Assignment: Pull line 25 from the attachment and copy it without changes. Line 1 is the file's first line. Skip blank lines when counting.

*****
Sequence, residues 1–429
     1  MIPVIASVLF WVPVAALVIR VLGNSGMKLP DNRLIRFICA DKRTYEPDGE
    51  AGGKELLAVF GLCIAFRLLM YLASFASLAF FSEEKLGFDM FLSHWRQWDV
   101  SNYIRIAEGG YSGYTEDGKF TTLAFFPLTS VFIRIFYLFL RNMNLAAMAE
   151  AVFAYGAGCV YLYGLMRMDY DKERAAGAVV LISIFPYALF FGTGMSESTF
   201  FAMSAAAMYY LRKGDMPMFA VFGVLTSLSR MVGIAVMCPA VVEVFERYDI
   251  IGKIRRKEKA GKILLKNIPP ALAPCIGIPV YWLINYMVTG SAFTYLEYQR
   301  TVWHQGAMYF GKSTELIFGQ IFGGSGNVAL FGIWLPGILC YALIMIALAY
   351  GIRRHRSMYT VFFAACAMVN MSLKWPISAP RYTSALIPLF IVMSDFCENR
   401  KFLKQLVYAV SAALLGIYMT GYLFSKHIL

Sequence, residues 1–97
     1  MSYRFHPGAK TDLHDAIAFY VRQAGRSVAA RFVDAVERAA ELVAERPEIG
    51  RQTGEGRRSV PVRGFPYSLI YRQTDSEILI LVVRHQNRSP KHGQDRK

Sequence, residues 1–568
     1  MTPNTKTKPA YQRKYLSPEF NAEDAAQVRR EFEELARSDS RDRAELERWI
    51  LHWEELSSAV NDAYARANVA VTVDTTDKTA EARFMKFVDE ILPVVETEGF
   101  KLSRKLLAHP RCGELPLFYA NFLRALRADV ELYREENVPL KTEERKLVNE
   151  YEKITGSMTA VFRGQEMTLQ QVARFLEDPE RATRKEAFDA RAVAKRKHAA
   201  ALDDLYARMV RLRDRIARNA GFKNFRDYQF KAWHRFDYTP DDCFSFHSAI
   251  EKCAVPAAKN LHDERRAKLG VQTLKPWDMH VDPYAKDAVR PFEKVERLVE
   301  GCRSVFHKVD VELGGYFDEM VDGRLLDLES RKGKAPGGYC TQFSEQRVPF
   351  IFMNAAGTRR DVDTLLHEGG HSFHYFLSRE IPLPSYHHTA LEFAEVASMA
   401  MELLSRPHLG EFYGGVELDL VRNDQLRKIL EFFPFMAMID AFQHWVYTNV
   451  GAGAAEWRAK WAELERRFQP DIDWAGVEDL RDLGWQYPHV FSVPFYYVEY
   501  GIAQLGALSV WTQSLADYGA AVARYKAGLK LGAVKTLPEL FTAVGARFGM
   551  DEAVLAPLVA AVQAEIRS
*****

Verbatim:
   501  GIAQLGALSV WTQSLADYGA AVARYKAGLK LGAVKTLPEL FTAVGARFGM